Kubernik’s writings are in several book anthologies, most notably The Rolling Stone Book Of The Beats and Drinking With Bukowski. Harvey penned an endorsement for author Michael Posner’s book on Leonard Cohen that Simon & Schuster published in October 2020, Leonard Cohen, Untold Stories: The Early Years)
This century Harvey wrote the liner note booklets to the CD re-releases of Carole King’s Tapestry, Allen Ginsberg’s Kaddish, Elvis Presley The ’68 Comeback Special and The Ramones’ End of the Century.
In November 2006, Harvey Kubernik was a speaker discussing audiotape preservation and archiving at special hearings called by The Library of Congress.
Kubernik’s 1995 interview, Berry Gordy: A Conversation With Mr. Motown appears in The Pop, Rock & Soul Reader edited by David Brackett published in 2019 by Oxford University Press. Brackett is a Professor of Musicology in the Schulich School of Music at McGill University. Harvey joined a lineup which included LeRoi Jones, Johnny Otis, Ellen Willis, Nat Hentoff, Jerry Wexler, Jim Delehant, Ralph J. Gleason, Greil Marcus, and Cameron Crowe.
Harvey was seen in the 2013 BBC-TV documentary Bobby Womack Across 110th Street, directed by James Meycock. Bobby Womack, Ronnie Wood of the Rolling Stones, Regina Womack, actor Antonio Vargas, Chuck D of Public Enemy, Damon Albarn of Blur and the Gorillaz, and Bill Withers are featured.
Kubernik was also interviewed in director Matthew O’Casey’s 2012 Queen at 40 documentary broadcast on BBC Television and released as a DVD Queen: Days Of Our Lives in 2014 via Eagle Rock Entertainment.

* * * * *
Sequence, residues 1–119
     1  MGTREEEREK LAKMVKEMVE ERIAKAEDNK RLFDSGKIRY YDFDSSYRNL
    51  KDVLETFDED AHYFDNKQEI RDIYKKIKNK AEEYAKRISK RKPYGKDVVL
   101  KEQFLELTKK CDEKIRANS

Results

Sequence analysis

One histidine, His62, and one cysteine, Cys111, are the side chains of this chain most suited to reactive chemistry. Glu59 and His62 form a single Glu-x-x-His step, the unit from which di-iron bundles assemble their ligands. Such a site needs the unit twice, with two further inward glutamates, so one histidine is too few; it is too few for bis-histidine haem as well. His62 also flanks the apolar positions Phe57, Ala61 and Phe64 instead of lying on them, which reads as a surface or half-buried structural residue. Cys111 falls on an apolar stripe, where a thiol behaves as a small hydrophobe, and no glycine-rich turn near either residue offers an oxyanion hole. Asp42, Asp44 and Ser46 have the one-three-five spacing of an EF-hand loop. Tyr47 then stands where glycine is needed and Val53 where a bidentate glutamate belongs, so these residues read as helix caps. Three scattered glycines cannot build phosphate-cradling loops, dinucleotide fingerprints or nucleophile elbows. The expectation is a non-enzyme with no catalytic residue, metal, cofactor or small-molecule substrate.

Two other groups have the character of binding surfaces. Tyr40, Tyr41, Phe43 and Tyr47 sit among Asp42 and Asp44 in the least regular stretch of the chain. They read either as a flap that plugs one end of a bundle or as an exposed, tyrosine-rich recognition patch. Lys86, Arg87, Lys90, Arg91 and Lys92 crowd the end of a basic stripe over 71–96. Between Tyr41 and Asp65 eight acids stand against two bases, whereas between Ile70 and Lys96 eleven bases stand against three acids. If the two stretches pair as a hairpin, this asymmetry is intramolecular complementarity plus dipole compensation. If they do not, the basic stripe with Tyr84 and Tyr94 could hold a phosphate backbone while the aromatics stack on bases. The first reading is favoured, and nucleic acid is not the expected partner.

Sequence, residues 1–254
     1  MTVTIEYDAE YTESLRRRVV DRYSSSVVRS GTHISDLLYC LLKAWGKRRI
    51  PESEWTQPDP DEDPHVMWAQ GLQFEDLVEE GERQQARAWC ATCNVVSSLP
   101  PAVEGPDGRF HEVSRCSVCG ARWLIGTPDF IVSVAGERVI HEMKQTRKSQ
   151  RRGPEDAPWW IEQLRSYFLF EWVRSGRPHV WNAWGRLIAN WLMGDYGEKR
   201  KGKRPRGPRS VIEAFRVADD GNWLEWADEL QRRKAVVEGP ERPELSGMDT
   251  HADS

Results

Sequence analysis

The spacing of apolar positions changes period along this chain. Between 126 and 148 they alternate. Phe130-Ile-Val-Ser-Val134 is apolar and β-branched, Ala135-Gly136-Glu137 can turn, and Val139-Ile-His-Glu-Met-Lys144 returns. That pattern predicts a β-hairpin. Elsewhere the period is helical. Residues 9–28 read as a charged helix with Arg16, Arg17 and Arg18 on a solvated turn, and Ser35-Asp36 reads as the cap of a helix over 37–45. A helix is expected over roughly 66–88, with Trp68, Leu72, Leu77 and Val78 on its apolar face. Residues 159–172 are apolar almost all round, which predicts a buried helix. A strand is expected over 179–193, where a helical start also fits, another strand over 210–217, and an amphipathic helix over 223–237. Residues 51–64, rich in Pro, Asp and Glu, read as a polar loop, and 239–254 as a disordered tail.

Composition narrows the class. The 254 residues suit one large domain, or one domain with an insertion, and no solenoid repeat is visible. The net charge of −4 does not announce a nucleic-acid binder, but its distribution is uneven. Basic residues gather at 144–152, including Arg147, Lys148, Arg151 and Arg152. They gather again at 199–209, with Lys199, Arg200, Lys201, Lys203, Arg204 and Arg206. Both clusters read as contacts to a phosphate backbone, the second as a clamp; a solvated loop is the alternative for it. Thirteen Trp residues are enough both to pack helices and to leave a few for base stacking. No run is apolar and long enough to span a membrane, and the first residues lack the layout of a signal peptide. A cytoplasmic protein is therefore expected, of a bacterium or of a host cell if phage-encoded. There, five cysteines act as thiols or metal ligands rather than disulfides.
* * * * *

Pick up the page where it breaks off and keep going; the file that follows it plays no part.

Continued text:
In 2019, Harvey was interviewed for director O’Casey again on his BBC4-TV digital arts channel Christine McVie, Fleetwood Mac’s Songbird. The cast includes Christine McVie, Stan Webb of Chicken Shack, Mick Fleetwood, Stevie Nicks, John McVie, Heart’s Nancy Wilson, Mike Campbell, Neil Finn, and producer Richard Dashut. Premiere broadcast was September 2020.
Harvey Kubernik in 2018 was interviewed in the Chris Sibley & David Tourje-directed short documentary entitled John Van Hamersveld: Crazy World Ain’t It. Van Hamersveld designed the iconic Endless Summer visual image and album covers for the Beatles, the Rolling Stones, Jefferson Airplane, Grateful Dead, Bob Dylan, The West Coast Pop Art Experimental Band, the Beach Boys, Blondie, and the Kaleidoscope.
During 2020 Harvey Kubernik served as a Consultant on the 2-part documentary Laurel Canyon: A Place in Time directed by Alison Ellwood. Kubernik is currently working on a documentary about Rock and Roll Hall of Fame member singer/songwriter Del Shannon.
Kubernik appears on screen in director/producer Neil Norman’s GNP Crescendo documentary, The Seeds: Pushin’ Too Hard. Jan Savage and Daryl Hooper original members of the Seeds participated along with Bruce Johnston of the Beach Boys, Iggy Pop, Kim Fowley, Jim Salzer, the Bangles, photographer Ed Caraeff, Mark Weitz of the Strawberry Alarm Clock and Love’s Johnny Echols. Miss Pamela Des Barres supplied the narration. Debut broadcast on television in 2021.
This decade Harvey was filmed for the in-production documentary about former Hollywood landmark Gold Star Recording Studio and co-owner/engineer Stan Ross produced and directed by Brad Ross and Jonathan Rosenberg. Brian Wilson, Herb Alpert, Richie Furay, Darlene Love, Mike Curb, Chris Montez, Bill Medley, Don Randi, Hal Blaine, Shel Talmy, Don Peake, Kim Fowley, Johnny Echols, Gloria Jones, Carol Kaye, Marky Ramone, David Kessel and Steven Van Zandt have been lensed.